As soon as you begin to enter a search query, icons begin to appear under the search box representing topics by which you can narrow your search. As I type “antonin scalia,” for example, icons appear for U.S. government, courts, politicians, U.S. news and history. I can click and arrow to see even more. I can select one of these icons or ignore them and enter the search. After I enter the search, the icons remain on the search page, so I can use them to narrow my search at any time.
The default results page has no text, just the flow of pages matching my query, with the top result centered in the screen and the others lined up to the right waiting to take center stage. As I flow through them — either by clicking or using the scroll bar — the pages flow smoothly across the screen. If I hover over the centered page, an information box pops up with more information about it. If I click on the page image, I go to the actual page. A quick click on the arrow at the bottom of the page, and now the screen is divided horizontally, with the page images at the top and the page descriptions more typical of other search engines at the bottom.
I have found other search engines that include page images to be clumsy, with the images sometimes slow to load and appearing to be an afterthought to the textual description. With Searchme, the text takes a back seat to the images, which flow smoothly and appear clear.
More to the point, the delivery of search results through images rather than text (or images and text, if you prefer) is highly effective. We all know the expression that a picture is worth a thousand words. Here, seeing the pages that contain your search results helps you quickly measure their usefulness and relevance. Maybe that assumes some advance knowledge of the sources, and maybe visual search isn’t for everyone, but I am so far impressed with this new search engine and look forward to its further refinement.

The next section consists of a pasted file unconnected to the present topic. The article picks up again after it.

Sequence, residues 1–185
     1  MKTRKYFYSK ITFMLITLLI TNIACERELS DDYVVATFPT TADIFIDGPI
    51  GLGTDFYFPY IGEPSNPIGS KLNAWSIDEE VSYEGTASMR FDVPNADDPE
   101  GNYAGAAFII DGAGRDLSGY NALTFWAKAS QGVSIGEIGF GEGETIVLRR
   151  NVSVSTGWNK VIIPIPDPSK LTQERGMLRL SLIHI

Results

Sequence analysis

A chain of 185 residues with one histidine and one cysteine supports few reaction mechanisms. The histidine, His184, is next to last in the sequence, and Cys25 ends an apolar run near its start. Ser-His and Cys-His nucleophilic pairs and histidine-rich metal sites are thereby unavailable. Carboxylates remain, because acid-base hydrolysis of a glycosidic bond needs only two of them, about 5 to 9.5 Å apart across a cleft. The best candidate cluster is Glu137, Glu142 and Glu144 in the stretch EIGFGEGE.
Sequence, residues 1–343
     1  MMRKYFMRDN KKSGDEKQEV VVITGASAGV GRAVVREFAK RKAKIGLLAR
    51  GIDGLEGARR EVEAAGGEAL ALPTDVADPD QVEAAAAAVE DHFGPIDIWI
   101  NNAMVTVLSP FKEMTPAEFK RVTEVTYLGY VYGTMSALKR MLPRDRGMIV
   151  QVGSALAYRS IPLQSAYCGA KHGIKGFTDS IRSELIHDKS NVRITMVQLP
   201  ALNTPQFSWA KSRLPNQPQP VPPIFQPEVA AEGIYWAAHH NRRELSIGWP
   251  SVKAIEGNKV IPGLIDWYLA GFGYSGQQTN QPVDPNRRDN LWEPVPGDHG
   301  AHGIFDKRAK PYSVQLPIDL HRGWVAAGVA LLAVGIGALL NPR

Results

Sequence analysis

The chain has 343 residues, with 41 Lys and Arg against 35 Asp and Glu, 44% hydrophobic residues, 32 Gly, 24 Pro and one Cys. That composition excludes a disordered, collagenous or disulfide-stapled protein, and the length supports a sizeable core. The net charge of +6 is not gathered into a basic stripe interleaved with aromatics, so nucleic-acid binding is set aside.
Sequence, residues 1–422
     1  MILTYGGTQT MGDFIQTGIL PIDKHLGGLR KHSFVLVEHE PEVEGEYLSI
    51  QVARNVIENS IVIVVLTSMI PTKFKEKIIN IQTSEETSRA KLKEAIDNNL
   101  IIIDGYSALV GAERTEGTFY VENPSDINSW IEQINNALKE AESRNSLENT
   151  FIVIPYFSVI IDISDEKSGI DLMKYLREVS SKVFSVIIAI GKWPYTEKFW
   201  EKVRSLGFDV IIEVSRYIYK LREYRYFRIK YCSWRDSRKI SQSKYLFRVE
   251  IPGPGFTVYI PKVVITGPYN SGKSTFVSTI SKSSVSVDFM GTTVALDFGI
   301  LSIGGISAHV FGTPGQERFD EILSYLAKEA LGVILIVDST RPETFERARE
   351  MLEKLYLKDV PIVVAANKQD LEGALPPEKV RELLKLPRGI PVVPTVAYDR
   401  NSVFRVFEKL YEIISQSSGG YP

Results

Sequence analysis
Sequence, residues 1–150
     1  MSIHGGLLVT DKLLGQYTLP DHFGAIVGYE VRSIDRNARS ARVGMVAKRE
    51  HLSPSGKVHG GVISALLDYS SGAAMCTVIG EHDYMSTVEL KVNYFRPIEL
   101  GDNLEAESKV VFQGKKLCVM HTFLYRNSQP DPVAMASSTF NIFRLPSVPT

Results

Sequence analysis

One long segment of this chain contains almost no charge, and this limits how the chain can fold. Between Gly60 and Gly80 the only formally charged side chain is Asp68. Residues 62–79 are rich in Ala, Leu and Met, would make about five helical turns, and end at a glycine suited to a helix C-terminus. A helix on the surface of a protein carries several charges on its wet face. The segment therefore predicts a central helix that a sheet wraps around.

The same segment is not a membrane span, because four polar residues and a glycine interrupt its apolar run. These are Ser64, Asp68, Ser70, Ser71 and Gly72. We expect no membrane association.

(You can see two videos demonstrating Searchme at YouTube.)
My Web Watch column this month, Search on Steroids, profiles Collexis, a powerful new search tool making its way into the legal market. The review notes, “The company also is preparing to launch other legal products based on the same search platform, including databases of federal and state case law and U.S. patents. Both are due out in the first half of 2008.”
Well, no sooner did that column go to press than Collexis on Monday announced its acquistion of legal publishing company Lawriter LLC, operator of the legal research service Casemaker, which contracts with 28 state bar associations to provide the research service to their members. Then today, Collexis announced its acquisition of an additional legal library consisting of 3.5 million documents to add to Casemaker’s existing library of cases, statutes and other materials. Allan Crawford, Collexis’s senior account executive for the legal market, told me that the company will continue to offer Casemaker while also adding a premium service with enhanced features.